Thus, we are able to provide a better picture of services exports by considering both the direct contribution and indirect contribution via forward linkages.

Figure 1: Share of services in exports, 2011
Share of services in exports, 2011
Source: Author’s calculations using the World Bank Export of Value Added Database.

The EVA data also allows us to split services exports into its direct and indirect contributions. In Nepal and Singapore, services generate almost 60% of total export value added. More than half of this is done directly within the services sector. In Bangladesh, on the other hand, services are more important for other sectors like manufacturing.

Figure 2: How domestic services support exports, 2011

How domestic services support exports, 2011
Source: Author’s calculations using the World Bank Export of Value Added Database.

We can also look at the composition of services for other sectors’ exports. In Lao PDR, the structure of services inputs in manufacturing is fairly similar across the most important export sectors. However, the large majority of these services inputs are trade and transport. Finance, ICT and other business services are relatively less important.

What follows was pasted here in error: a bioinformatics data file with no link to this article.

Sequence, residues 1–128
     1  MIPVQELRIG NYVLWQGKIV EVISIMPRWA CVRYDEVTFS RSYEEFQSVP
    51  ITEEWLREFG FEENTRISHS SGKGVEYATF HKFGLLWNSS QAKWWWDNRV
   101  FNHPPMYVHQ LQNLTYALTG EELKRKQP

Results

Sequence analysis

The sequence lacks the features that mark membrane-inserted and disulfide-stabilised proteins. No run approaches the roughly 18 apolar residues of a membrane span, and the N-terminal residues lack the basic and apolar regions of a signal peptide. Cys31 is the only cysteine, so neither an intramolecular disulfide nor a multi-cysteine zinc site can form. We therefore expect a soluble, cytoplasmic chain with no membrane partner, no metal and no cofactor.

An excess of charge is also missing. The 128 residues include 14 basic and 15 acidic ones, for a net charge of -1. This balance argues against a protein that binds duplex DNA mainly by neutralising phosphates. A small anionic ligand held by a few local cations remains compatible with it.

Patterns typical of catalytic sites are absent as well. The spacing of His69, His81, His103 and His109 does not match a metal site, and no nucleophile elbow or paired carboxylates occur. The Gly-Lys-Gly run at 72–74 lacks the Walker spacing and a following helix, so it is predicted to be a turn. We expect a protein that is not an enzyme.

Figure 3: Which domestic services support exports in Lao PDR, 2011

Which domestic services support exports in Lao PDR, 2011
Source: Author’s calculations using the World Bank Export of Value Added Database.

This information sheds light on how the interconnections between services with other sectors matter for exports. All this is essential to our understanding of export competiveness, and ultimately economic growth, in developing countries.

[1] To see this process in action, check out NPR Planet Money’s tee-shirt project, which follows the manufacturing and production of a simple shirt from start to finish around the world.